Dutch Foreign Minister Halbe Zijlstra resigned Tuesday after admitting to lying about attending a meeting with Russian President Vladimir Putin in 2006.
Zijlstra previously claimed he overheard Putin talking about expansionist ambitions at a gathering in 2006, but admitted on Monday that he did not meet the president in person and borrowed the information from a source.
Zijlstra said making his prior statements was “not a smart move,” telling the Dutch parliament Tuesday that it was “the biggest mistake” of his career.
“I should not have done this and I am very sorry,” he said.
“It’s about the credibility of the minister domestically and abroad. And only by being credible can I represent the interests of the Netherlands. To not further impact the position [of foreign minister], I see no other option than to submit my resignation.”
Prime Minister Mark Rutte, whom Zijlstra said was informed of the story some weeks ago, defended the foreign minister on Monday, saying he was still “credible” because the content of the story is “not up for discussion.”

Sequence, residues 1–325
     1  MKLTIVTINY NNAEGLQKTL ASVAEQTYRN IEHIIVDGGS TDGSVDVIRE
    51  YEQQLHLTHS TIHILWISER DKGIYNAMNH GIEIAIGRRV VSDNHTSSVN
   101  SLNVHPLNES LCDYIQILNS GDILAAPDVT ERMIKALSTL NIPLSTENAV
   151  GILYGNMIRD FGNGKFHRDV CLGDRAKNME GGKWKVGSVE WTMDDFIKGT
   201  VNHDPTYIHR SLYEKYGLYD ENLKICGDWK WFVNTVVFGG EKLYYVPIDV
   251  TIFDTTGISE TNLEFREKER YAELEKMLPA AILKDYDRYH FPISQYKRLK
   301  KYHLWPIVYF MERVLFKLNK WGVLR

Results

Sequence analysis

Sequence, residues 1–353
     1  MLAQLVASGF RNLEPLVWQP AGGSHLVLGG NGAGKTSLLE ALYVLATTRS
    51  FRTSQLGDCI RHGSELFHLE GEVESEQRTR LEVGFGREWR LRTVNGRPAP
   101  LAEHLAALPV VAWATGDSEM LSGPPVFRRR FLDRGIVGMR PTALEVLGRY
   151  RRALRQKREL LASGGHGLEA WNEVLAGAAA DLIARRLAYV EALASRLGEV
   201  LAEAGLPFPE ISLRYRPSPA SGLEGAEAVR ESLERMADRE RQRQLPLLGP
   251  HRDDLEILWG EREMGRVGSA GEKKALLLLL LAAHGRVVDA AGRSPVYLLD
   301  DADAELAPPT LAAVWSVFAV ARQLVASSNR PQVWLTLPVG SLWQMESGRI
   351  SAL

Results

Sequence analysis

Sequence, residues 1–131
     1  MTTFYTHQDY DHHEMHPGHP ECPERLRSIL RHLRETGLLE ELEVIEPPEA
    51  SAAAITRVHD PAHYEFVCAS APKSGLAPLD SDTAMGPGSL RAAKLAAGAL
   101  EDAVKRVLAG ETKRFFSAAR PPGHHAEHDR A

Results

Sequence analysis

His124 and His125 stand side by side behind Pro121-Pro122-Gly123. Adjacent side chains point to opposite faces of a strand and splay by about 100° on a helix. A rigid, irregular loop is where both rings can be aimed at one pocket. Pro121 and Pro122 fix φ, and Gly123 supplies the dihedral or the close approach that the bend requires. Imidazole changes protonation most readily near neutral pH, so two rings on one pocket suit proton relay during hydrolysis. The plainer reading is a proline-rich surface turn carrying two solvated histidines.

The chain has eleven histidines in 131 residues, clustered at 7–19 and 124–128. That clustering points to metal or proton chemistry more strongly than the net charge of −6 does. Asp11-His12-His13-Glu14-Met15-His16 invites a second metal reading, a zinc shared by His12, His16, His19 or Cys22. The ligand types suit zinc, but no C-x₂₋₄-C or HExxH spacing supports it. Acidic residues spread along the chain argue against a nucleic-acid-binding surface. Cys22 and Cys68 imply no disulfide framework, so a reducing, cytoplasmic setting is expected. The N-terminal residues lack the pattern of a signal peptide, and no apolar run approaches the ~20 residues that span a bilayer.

Zijlstra, a close ally of Rutte, previously served as parliamentary leader of the center-right People’s Party for Freedom and Democracy (VVD) before he was appointed foreign minister in Rutte’s third government last October.
Zijlstra said at a VVD party conference in 2016 that he heard the Russian president talking about plans to expand the country’s borders and create a “Great Russia” that would include Belarus, Ukraine, the Baltic states and possibly Kazakhstan.
An employee of oil company Shell at the time, Zijlstra had traveled to Russia with Jeroen van der Veer, then CEO of the company. Van der Veer told de Volkskrant Tuesday that Putin’s words should have been interpreted “in a historical context” and did not indicate a military intention to expand the country.
Zijlstra had been set to fly to Russia to meet his counterpart Sergey Lavrov this week.
Before Zijlstra’s resignation, the Russian foreign ministry released a statement Tuesday saying that Russian-Dutch relations have been overshadowed by “an unprecedented anti-Russia campaign launched by the Dutch media.”